Archive for the Featured Artists Category

Happy Birthday Woody Allen!

Posted in Constellation Magazine, Featured Artists with tags on December 1, 2009 by theybewe

Woody is a consummate Sagittarian–witty, philosophical, frank, clumsy and forever searching for the meaning of life. In terms of expanding the horizons of humor and filmmaking, say what you will about Woody, but has there ever been a more brilliant filmmaker who tackles the battle of the sexes, neurotic mid-life crises and psychoanalysis better?


Caitlin R. Kiernan coming to NYC 10.27.09

Posted in Featured Artists, Parties, Events, and Sightings with tags , , , , , on October 16, 2009 by wpdoesntletyoudelete

Lovecraft Unbound edited by Ellen Datlow Reading with Richard Bowes, Elizabeth Bear, Caitlin R. Kiernan, and Michael Cisco at the The SoHo Gallery for Digital Art, 138 Sullivan Street, NY, NY, October 27 (Doors open 6:30 PM)

I interviewed Caitlin R. Kiernan for the latest issue of Constellation, and her latest novel, The Red Tree, is wondrous. Elizabeth Bear’s lovely tale Shoggoths in Bloom recently won a Hugo Award, though I believe this Lovecraft-inspired novelette is not her contribution to the anthology. You can read Shoggoths in Bloom for the fabulous price of $0 by clicking the link and enjoying it via Asimov’s Magazine.

Bottom-line is, this anthology has an amazing lineup of talent, and you should jump at the chance to go to this event if you’re in NYC. What better precursor to Halloween than a Lovecraftian reading?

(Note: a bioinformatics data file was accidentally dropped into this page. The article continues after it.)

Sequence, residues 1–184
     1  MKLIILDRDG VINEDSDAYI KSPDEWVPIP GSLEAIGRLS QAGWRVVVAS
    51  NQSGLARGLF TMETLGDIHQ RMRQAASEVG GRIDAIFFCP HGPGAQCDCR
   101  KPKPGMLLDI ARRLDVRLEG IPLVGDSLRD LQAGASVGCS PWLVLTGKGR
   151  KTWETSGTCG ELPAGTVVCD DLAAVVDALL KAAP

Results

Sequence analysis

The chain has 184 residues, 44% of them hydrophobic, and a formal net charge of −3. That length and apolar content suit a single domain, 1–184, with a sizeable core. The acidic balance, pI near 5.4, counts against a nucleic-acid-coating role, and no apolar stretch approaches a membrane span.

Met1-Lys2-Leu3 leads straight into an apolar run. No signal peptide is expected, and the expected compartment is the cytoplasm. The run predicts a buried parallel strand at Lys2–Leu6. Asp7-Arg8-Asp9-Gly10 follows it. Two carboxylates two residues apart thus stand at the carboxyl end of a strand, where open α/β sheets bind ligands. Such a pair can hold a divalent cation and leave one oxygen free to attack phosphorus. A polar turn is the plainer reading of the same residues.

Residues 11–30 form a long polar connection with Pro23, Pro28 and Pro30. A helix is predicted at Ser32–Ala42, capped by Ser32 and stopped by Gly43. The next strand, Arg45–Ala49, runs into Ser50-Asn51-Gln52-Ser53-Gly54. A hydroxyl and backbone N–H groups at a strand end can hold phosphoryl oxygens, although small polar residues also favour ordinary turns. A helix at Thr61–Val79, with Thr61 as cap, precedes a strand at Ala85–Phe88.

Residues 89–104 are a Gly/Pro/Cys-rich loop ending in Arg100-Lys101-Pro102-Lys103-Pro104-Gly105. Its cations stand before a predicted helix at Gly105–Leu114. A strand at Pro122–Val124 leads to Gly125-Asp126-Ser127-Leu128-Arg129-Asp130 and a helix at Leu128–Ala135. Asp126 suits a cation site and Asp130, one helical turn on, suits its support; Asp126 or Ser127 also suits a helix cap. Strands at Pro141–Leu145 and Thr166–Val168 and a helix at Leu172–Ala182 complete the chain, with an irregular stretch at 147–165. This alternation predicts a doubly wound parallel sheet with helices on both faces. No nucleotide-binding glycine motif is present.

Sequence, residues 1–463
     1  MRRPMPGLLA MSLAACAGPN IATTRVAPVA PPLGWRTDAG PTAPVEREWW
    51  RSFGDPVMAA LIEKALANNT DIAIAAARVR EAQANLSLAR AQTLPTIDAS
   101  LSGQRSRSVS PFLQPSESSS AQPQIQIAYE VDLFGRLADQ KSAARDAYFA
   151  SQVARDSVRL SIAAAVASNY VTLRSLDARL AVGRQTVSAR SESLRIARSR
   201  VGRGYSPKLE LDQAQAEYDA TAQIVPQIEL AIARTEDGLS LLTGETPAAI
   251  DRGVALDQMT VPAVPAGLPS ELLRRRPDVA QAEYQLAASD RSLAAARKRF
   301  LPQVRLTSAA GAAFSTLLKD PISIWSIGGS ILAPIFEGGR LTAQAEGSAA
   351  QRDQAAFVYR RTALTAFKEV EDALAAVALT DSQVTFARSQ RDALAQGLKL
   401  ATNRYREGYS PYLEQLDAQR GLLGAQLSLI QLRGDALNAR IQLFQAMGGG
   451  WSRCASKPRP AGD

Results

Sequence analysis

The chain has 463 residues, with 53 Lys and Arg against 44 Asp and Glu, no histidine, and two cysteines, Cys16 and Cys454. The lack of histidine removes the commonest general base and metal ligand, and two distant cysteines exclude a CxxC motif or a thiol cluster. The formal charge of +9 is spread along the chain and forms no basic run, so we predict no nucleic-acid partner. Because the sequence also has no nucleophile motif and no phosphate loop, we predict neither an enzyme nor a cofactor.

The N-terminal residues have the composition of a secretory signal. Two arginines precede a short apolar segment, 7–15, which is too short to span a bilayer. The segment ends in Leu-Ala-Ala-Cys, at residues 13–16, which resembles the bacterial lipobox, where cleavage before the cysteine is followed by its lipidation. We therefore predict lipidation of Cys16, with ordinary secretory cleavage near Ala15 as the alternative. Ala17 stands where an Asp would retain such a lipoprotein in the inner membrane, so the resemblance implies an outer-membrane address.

Sophie Adde

Posted in Featured Artists on October 13, 2009 by theybewe

I came across Sophie’s work while searching for Indian images.  To see more of her mixed media art go here



Stephen Rothwell

Posted in Featured Artists with tags , on October 2, 2009 by theybewe

I could flip through his art all day.  Click Alice for the link.


Book Review: “The Red Tree” by Caitlin R. Kiernan

Posted in Featured Artists with tags on September 21, 2009 by wpdoesntletyoudelete

You’ll have an opportunity to see our full interview with author Caitlin R. Kiernan when the Libra/Scorpio issue of Constellation drops later this week, but we wanted to whet your appetite yet again with my review of her latest novel, The Red Tree.

Originally posted on my personal blog.

The Red Tree

I can tell when I’m really into a book by how many places I end up reading it. For example, books that are only so-so usually only ever make it to the bed or the living room couch. Caitlin R. Kiernan’s novel The Red Tree went from the couch, to the bed, to the park, to the car ride to Kentucky and, on several occasions, to the bathtub. It wriggled its roots in deep and would not let go.

The Red Tree is about a writer named Sarah Crowe who has had an adversarial relationship with life  in general and recently went through a deep personal tragedy. She smokes, she swears, she fucks, she fails. She’s real.

Sarah flees to Rhode Island from Atlanta, bringing along only her stalled manuscript, her marginally effective meds, and her unreliable memories. The novel is presented as Sarah’s journal entries that she clangs out on an ancient typewriter found in the basement of the house she is renting. She also discovers she is not the first writer to stay in the house; the previous tenant was researching the folklore surrounding a tree on the property – an enormous Northern red oak, Quercus rubra – with disastrous results. More bored than intrigued, Sarah pokes around until she finds his manuscript and then begins wondering about the tree herself.